In a first, bird flu reaches Antarctica, threatening to wipe out tons of penguins and other birds

Experts warn that if the virus reaches certain rare bird populations, "they are in threat of extinction"

By Matthew Rozsa

Staff Writer

Published October 24, 2023 2:33PM (EDT)

Gentoo Penguin and Skua on Cuverville Island in Antarctica (Getty Images/Mark Edward Harris)
Gentoo Penguin and Skua on Cuverville Island in Antarctica (Getty Images/Mark Edward Harris)

2023 has been a bad year for emperor penguins. In August, a study in the journal Communications Earth & Environment found that the loss of polar ice in Antarctica is likely to lead to a "catastrophic breeding failure" for penguins throughout Antarctica, eventually causing them to be unable to naturally sustain their own species by the end of the century. But a virus may get them first. A new report by the British Antarctic Survey confirms the existence of highly pathogenic avian influenza (HPAI) on Bird Island in Antarctica's South Georgia region — a discovery that has potentially devastating implications for local bird populations.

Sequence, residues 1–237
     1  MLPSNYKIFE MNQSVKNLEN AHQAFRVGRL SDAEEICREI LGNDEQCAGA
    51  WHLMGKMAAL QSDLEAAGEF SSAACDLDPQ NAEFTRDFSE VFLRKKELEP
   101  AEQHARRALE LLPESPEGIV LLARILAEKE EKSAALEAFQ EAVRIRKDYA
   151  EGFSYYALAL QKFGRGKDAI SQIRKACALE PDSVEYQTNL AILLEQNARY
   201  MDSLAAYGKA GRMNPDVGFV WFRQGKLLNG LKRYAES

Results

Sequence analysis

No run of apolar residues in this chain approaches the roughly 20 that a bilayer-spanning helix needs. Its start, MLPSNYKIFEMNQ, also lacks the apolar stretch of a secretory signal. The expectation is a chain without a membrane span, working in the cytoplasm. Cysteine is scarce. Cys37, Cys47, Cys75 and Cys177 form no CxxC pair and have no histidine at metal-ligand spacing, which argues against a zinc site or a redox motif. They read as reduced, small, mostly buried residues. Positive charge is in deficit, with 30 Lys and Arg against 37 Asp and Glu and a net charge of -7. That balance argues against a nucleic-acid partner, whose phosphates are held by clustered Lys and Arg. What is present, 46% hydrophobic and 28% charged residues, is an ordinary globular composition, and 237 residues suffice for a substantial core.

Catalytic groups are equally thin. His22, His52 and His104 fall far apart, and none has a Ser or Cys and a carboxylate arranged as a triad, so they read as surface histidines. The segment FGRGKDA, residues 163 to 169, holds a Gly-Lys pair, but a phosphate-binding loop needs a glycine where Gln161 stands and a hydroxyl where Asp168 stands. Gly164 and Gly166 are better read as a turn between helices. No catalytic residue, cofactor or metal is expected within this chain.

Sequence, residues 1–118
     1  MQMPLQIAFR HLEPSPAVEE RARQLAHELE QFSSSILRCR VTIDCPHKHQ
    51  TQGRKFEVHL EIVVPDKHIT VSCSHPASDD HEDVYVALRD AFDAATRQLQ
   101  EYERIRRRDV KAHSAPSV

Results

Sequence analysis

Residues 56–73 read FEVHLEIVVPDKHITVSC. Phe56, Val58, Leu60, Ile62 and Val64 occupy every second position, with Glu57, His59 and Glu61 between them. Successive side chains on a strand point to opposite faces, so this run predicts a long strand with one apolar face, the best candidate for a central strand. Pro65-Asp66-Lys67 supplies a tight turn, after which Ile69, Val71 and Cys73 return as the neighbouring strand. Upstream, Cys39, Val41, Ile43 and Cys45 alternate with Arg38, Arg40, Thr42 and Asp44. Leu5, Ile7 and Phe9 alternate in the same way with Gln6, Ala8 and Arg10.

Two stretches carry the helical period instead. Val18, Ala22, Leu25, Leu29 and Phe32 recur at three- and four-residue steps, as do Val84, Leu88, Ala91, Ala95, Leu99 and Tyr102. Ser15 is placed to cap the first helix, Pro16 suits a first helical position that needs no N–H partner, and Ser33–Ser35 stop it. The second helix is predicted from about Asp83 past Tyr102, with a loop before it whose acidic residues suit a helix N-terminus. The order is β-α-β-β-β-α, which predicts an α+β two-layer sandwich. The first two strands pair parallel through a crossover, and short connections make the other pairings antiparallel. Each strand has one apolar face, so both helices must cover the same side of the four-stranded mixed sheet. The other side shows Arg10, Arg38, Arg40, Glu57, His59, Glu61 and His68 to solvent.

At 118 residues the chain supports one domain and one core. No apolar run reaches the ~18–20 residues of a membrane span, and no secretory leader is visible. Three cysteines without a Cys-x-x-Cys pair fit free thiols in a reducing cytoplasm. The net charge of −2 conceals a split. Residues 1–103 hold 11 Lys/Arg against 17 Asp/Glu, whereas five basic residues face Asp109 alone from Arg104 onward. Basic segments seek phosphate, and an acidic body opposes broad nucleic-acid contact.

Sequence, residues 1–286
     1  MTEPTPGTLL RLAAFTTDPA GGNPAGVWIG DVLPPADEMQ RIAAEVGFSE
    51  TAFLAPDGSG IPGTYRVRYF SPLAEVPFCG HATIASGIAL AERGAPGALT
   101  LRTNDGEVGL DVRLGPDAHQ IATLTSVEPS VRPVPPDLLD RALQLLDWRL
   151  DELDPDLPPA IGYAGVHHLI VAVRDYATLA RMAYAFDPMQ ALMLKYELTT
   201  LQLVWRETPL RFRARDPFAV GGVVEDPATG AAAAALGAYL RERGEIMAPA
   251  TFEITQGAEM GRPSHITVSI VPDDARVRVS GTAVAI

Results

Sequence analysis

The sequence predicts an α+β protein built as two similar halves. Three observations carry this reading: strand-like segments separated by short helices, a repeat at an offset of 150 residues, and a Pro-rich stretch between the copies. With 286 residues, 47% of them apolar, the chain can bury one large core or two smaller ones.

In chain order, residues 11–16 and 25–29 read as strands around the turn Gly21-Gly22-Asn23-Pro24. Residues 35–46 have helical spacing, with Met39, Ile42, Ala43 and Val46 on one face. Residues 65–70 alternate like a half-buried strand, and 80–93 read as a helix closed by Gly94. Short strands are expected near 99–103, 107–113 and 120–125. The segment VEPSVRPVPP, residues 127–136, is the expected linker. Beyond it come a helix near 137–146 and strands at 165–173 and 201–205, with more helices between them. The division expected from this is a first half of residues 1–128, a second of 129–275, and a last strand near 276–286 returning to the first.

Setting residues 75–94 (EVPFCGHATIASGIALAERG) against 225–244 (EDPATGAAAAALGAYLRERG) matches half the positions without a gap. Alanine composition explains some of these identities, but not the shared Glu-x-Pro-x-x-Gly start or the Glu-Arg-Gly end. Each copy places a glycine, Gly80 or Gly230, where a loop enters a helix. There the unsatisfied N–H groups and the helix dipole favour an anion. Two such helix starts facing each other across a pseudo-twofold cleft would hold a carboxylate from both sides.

The British Antarctic Survey became aware of HPAI on Bird Island after they were informed that individuals in a bird species known as brown skua were displaying symptoms; some were dying. Test samples confirmed the presence of HPAI, with scientists speculating that it was spread from South America by birds returning from their migrations.

"The presence of HPAI could have serious implications for the Territories' abundant seabird colonies and [Government of South Georgia & the South Sandwich Islands] and British Antarctic Survey are working in partnerships to monitor the ongoing impacts," the scientists explain in their report.

“There are species on some of the Antarctic islands and sub-Antarctic islands that are unique to those islands, and only occur in small numbers, in hundreds or thousands,” Thijs Kuiken from Erasmus University Rotterdam in the Netherlands, who was not involved in the study, told New Scientist. “If the virus reaches those populations, they are in threat of extinction.”

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